My soul yearns and pines
for the courts of the LORD.
My heart and my flesh
cry out for the living God.
Even the sparrow finds a home,
and the swallow a nest
in which she puts her young–
Your altars, O LORD of hosts,
my king and my God!
Blessed they who dwell in your house!
continually they praise you.
Blessed the men whose strength you are!
They go from strength to strength.
I had rather one day in your courts
than a thousand elsewhere;
I had rather lie at the threshold of the house of my God
than dwell in the tents of the wicked.
(Psalm 84:3-4, 5-6, 8, 11)
84:4 As a sparrow finds a home The psalmist illustrates how God will never turn a faithful person away from His temple.
84:5 Blessed are Refers to those who are faithful to God above all else. those who dwell in your house This may refer to the literal servants in the temple or it may be a depiction of people who are so consumed by the experience of worship that they are almost always worshiping at the temple.
84:6 pilgrim roads The Hebrew word mesillah is a general word for a “road” or “track”; here, it seems to hold the idea of pilgrimage to Jerusalem.
84:7 through the Baca valley A valley associated with either balsam or weeping, depending on how the Hebrew text is understood. It was possibly located along a pilgrimage route to Jerusalem.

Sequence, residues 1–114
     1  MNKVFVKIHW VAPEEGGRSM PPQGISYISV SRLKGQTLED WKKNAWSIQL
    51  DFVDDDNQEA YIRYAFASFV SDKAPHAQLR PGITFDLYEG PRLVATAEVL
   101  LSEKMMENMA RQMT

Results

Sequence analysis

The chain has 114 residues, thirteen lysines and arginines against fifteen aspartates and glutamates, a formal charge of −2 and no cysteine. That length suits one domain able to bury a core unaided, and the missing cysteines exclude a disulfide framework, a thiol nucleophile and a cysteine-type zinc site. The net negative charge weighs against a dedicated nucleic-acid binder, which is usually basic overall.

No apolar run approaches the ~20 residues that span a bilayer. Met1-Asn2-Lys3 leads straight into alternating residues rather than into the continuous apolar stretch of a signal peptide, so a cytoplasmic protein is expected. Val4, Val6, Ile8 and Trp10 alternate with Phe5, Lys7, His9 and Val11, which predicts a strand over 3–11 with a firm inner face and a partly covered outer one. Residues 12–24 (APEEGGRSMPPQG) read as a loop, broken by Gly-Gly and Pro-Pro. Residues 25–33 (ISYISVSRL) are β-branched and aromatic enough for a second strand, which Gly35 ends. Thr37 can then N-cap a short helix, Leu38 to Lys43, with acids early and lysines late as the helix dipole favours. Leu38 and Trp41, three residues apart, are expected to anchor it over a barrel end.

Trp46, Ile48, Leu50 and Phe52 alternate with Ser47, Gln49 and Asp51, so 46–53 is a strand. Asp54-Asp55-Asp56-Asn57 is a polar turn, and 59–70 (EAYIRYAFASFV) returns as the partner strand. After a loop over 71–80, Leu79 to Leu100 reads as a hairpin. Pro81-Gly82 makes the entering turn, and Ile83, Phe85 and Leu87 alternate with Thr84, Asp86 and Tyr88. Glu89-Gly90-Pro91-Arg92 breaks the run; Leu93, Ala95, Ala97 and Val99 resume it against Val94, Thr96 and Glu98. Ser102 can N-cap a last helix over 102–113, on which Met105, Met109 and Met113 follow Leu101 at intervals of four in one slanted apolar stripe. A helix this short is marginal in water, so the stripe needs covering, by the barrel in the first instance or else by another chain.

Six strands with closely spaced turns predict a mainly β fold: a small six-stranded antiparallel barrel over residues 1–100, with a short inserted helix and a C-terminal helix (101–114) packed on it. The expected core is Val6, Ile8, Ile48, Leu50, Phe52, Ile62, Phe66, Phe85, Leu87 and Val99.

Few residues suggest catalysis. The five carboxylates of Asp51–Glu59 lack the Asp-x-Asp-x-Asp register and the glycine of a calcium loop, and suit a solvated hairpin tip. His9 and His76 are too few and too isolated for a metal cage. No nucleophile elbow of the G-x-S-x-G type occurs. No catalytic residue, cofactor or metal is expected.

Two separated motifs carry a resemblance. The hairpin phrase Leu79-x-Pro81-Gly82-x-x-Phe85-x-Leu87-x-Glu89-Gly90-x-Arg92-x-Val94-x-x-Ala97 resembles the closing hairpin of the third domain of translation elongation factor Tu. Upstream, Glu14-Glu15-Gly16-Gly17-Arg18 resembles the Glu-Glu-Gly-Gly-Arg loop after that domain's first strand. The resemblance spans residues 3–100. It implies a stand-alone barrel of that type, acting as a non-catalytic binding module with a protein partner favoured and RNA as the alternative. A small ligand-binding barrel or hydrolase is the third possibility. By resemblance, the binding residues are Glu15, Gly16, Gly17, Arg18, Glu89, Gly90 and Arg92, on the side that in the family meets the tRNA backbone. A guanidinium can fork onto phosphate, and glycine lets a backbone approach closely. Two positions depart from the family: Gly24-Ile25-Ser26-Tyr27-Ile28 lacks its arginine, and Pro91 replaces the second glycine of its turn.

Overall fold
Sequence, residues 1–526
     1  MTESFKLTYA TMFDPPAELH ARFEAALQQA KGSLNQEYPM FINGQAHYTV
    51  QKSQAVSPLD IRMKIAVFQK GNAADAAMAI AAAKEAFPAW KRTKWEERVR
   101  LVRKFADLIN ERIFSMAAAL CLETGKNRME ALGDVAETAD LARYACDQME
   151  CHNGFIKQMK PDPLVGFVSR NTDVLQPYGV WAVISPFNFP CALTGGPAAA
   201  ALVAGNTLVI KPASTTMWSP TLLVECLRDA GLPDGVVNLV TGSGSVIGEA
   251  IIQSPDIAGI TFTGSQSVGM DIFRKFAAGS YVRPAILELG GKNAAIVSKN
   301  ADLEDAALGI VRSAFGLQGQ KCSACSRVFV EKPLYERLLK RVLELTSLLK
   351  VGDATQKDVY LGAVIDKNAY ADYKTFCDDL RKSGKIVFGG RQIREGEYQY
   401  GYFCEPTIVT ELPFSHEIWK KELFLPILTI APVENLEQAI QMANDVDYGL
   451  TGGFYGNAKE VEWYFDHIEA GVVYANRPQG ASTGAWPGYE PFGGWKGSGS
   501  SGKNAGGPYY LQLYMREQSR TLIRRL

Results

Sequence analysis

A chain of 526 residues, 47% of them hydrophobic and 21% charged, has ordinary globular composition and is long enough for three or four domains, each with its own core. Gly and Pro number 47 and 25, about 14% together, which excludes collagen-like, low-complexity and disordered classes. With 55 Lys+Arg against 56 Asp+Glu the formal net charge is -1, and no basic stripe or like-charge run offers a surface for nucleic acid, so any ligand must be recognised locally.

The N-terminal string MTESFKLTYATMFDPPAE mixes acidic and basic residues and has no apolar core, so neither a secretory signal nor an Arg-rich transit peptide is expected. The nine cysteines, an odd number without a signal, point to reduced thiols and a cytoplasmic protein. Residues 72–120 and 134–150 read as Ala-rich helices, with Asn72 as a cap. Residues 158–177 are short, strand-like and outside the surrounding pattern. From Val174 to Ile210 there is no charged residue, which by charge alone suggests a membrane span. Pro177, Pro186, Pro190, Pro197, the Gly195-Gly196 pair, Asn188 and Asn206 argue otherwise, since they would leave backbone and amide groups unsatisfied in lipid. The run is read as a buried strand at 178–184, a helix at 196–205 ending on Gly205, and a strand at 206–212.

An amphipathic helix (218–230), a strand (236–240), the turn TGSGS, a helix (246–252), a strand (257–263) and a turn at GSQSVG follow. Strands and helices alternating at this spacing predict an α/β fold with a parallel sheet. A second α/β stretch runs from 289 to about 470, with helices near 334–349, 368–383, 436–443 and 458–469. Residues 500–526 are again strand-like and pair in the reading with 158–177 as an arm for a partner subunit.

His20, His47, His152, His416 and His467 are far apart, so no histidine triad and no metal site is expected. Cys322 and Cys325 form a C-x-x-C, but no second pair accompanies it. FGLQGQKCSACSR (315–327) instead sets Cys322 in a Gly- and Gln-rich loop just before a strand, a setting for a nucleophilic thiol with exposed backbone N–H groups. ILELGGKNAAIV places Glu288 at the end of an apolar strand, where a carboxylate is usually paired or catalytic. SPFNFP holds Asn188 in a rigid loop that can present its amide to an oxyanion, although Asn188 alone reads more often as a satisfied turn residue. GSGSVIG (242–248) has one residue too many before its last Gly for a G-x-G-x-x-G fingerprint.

84:9 God of Jacob Compare 82:1, 4.
84:10 our shield The Hebrew word used here, magen, seems to refer to God’s anointed ruler in this instance, the king, who was also Israel’s military leader. your anointed Although God is called melekh (“King”) in v. 3, His mashiach (“anointed”) is His human representative: the king of Israel.
84:11 Better the threshold The psalmist states that simply being close to Yahweh’s temple is better than being in any other place.
Of all the psalms that celebrate Zion and its temple as God’s dwelling place, the eighty-fourth has been the favorite. For Christians, the era when ark and temple were visible signs of an invisible presence of God in Jerusalem belongs to the time of the Old Testament, but that does not mean for us that God is placeless.
We exist in space and time. How could God deal with us if not through space and time made holy by divine claim? God is everlasting, but he has his appointed times. God dwells in heaven, but he has place on earth. We “go” to God. Every visit to a temple or church or meeting of believers is in a profound sense a pilgrimage.
We “go,” not just for practical or personal reasons; we go theologically. The psalm has interpreted churches and chapels as “dwelling places of God’s love, the abode to which our hearts aspire with warm desire to see our God.”
– James Mays
May the virtues of faith, hope, and love go with you today – DV.